Coaster Enthusiasts of Canada

Closed Canadian Parks




Rainbow Valley
(1969 - 2005)

    Rainbow Valley, a 12-hectare family theme park was apparently started by Earl Davison and members of the Johnstone family in the late 1960s. Situated on PEI's northern coast, it mainly catered to the younger set and came to have children's rides, waterslides and other attractions. Being in "Anne of Green Gables" land, the park was named after author Lucy Maud Montgomery's 1919 book Rainbow Valley.

(Image: RV Banner)

(Image Left: `Saucer' Gift Shop)  (Image Right: RV Logo)

    Along with boating and picnicking, the park first featured the "Flying Saucer" gift shop. This was a round, fiberglass structure with an entry staircase that rose up to seal the saucer during off hours. Later were added a reduced-scale replica of the actual "Anne of Green Gables" house (just down the street from the park) and another called "Fairyland Castle", plus "Aura of Fantasy". A playground was included in this area, too. Other attractions in the early years were giant, outdoor checker boards and a children's farm with baby animals such as kittens, puppies, lambs, and ponies.

(Image Right: Two Persons kneel to Look into the Windows of the
 `Anne' House)

    Admission was eventually charged and initially was $1.50 for children and $2.00 for adults. Children under 5 were free - a policy that continued through the park's final closing. The area was unlit and first ran from 9 AM till dusk, June through September. By the 1990s, Sunday hours did not begin until 11 AM and adult admission had risen to $14. Season passes were $42.00, or $46.00 after Father's Day in June.

(Image Left: Young Riders crest a hill on the `Bushwacker' Coaster)

    As the park prospered, other attractions were added such as a Schiff kiddie coaster (1992), a pool with water-park devices, waterslides, horse-drawn carriage rides, park cartoon characters, and live stage shows.

Rainbow Valley
Central Area

circa 1970s

(Image: Canoers enjoy the Lake)

The park was sparse on attractions in the early years, but still proved popular.

(Image: Lake with Monorail Crossing)

Shown is one of the main areas of the park. A monorail car has almost crossed one of the park's lakes, having just passed in front of a castle on the shore. Pedal boats adorn the lake.
Rainbow Valley Central Area
circa 1990s

(Image Left: People Climb the Steps to the `Castle

    Rainbow Valley expanded over the years to 16 hectares. Additional attractions added were The "House That Jack Built", swan boats, a trackless miniature train, a magic show, and a fire-safety exhibit with an actual fire truck. Then there was the talking owl (Mrs. Sleepy Owl), and the spooky cave with lots of gags (including a secret trap door). Some of the gags required active discovery on the patron's behalf. One of these was a wooden beam that was stuck loosely to a wall. It would trigger a buzzing sound if pressed.

 (Image Right: Riders Cruise above the Lake on the

    In its last years, offerings included three lakes, roller coaster, six waterslides, a petting barn, a playground, a hedge maze, and a number of amusement rides. There was also a U-drive monorail that required one of the riders in the whale-themed cars to press down on an accelerator to move along the track. In addition were a games room and food outlets. Souvenir shops were "Castle Gift" and the "Flying Saucer Gift Shop".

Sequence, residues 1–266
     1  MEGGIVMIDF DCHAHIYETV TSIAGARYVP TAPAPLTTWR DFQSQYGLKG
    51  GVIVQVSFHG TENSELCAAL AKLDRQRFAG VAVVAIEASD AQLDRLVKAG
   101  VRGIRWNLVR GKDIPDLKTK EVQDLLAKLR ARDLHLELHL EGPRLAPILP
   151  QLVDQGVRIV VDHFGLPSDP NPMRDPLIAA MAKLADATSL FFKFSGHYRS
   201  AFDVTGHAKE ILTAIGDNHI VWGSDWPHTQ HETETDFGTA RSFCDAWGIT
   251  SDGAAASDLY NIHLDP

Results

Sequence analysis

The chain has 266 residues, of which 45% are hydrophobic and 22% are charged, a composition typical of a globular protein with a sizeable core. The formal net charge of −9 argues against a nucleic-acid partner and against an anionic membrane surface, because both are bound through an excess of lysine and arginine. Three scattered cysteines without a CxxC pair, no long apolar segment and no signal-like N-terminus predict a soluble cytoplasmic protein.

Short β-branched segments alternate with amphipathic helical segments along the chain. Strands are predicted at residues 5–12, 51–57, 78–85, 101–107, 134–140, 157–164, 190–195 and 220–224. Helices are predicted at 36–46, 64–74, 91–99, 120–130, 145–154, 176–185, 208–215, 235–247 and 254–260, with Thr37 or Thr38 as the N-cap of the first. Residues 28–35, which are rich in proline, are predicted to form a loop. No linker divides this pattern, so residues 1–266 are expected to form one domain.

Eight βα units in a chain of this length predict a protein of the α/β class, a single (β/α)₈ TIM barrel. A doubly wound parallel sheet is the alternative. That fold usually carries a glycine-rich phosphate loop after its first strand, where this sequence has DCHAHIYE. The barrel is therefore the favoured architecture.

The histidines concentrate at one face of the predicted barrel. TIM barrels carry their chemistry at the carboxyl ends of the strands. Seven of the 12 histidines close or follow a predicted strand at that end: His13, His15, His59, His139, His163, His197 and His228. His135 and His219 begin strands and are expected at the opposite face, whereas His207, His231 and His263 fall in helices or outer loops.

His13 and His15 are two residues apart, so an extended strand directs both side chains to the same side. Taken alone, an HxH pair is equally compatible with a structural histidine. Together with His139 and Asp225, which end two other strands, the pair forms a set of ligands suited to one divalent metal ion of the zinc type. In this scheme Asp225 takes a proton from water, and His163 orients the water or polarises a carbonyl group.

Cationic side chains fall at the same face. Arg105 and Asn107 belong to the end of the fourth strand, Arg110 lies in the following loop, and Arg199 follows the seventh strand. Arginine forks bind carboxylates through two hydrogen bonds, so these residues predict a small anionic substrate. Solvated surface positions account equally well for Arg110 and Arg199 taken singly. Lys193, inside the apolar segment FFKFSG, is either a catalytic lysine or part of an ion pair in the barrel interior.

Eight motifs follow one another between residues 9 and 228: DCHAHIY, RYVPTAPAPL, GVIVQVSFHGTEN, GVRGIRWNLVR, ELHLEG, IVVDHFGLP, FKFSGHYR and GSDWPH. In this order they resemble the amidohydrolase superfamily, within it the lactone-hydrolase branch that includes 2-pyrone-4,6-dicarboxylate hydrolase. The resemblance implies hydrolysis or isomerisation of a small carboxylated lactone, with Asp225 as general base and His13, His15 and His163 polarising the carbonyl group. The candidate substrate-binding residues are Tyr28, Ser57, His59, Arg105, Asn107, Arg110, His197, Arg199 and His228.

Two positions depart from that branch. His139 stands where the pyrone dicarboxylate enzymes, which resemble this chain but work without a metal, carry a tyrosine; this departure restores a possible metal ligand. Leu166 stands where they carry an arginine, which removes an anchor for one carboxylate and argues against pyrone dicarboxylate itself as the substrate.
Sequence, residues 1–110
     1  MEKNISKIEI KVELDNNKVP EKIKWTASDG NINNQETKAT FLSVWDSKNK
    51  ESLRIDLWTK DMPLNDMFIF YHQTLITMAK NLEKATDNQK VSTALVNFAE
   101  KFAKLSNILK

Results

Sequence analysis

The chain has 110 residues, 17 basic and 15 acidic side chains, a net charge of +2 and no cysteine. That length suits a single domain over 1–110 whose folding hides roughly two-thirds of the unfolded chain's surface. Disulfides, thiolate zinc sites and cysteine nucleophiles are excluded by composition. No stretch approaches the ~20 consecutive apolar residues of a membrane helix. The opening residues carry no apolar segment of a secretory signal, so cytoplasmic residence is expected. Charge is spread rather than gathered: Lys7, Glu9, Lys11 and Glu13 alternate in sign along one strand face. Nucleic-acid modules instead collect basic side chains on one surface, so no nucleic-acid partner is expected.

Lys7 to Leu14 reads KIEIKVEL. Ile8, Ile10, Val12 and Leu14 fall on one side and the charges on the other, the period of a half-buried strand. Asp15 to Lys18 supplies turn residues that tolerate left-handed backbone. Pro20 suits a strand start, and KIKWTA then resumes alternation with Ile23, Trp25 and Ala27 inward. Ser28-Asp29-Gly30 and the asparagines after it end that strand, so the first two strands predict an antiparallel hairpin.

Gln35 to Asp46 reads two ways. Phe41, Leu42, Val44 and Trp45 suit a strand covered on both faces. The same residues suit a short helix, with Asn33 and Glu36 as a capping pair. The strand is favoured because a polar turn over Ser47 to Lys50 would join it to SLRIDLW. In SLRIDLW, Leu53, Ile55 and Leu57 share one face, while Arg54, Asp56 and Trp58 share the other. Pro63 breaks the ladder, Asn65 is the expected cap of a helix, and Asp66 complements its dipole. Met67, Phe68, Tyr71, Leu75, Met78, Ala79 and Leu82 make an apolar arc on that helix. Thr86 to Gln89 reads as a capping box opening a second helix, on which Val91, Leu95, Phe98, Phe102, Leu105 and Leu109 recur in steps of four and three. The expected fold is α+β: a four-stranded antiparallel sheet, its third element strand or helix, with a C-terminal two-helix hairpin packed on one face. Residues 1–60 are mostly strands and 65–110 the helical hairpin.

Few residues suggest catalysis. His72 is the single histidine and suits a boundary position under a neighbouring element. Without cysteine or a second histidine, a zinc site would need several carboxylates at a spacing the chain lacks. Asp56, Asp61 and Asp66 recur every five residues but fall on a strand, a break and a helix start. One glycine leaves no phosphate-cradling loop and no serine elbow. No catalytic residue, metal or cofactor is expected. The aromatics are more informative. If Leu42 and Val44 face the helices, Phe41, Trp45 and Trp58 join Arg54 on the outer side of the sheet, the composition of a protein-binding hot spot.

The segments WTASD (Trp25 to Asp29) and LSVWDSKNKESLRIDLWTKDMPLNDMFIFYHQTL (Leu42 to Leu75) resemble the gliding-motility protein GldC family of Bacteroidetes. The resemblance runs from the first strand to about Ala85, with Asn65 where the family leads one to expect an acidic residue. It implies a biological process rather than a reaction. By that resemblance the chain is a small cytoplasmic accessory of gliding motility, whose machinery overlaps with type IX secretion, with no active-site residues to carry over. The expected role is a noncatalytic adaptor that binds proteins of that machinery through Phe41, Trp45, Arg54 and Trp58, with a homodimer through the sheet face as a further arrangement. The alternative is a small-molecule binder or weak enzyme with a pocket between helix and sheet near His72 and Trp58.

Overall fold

Another attraction at closing was a dark ride with 13 life-size characters, a simulator and special effects. It was themed as a boat adventure through rum running times. It's unknown if this was demolished or sold to another park.

(Image Left: Water-Seekers enjoy the Pool on a Hot Day)

    The final season saw more live entertainers and shows such as Rainbow Ron, a children's magician and entertainer. The park also continued to offer Evening Frolic Shows in the Rainbow Room for an additional fee. These included fiddle, guitar, piano, stepdancers and vocalists. They performed the traditional Down East and Old Time music of Canada's Atlantic Coast.

    It should be noted that many of the attractions were designed and manufactured by Earl Davison himself.

Red Baron Ride
circa 1990s

(Image: A Child Waves at the Camera from the Ride)
Zamperla's "Red Baron" represented one of the children's rides at the park bought from commercial manufacturers.

    Rainbow Valley closed in the mid 20-0s to be bought by Parks Canada whereupon it was made into a day-use nature park, part of P.E.I. National Park. A portion of the reason for the purchase was an erosion problem on the park's Gulf of St. Lawrence side. This was repaired after purchase, but it apparently meant removal of some of the land near the water. The other reason for closure was that the park's owner, Earl Davison, wished to retire.

    Parks Canada paid $2.7 million for the property, and at the time of purchase planned to invest $3.3 million in changes. Those were to include beach parking(*), bicycle and walking paths, and a roller skating facility, but it's not known how much of this was realised. The renovated area reopened in July of 2007 as Cavendish Grove.
(*) Parking at Rainbow Valley had been on grass near the park's entrance; it had never had an actual parking lot.

    A developer expressed interest in building a family theme park across the main road from Rainbow Valley to make up for the loss. Shining Waters Family Fun Park opened for the 2006 season in June. Reports say it has some of the attractions that used to be at Rainbow Valley including the saucer. The park has a Herschel "Lil' Dipper'" roller coaster that came from Burlington Amusement Park in Burlington, PEI. Up the street currently lies Sandspit, a classic-style amusement park based solely on rides.

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